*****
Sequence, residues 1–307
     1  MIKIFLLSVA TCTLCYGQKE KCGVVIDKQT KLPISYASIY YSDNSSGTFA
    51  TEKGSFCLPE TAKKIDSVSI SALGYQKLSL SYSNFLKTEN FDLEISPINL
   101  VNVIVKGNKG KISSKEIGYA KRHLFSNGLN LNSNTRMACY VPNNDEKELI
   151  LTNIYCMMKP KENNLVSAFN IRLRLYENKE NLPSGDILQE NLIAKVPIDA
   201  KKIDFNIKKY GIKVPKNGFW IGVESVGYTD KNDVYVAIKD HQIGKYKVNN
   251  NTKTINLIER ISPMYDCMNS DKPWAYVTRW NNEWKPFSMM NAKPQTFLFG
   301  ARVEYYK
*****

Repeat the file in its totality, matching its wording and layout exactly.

Sequence, residues 1–307
     1  MIKIFLLSVA TCTLCYGQKE KCGVVIDKQT KLPISYASIY YSDNSSGTFA
    51  TEKGSFCLPE TAKKIDSVSI SALGYQKLSL SYSNFLKTEN FDLEISPINL
   101  VNVIVKGNKG KISSKEIGYA KRHLFSNGLN LNSNTRMACY VPNNDEKELI
   151  LTNIYCMMKP KENNLVSAFN IRLRLYENKE NLPSGDILQE NLIAKVPIDA
   201  KKIDFNIKKY GIKVPKNGFW IGVESVGYTD KNDVYVAIKD HQIGKYKVNN
   251  NTKTINLIER ISPMYDCMNS DKPWAYVTRW NNEWKPFSMM NAKPQTFLFG
   301  ARVEYYK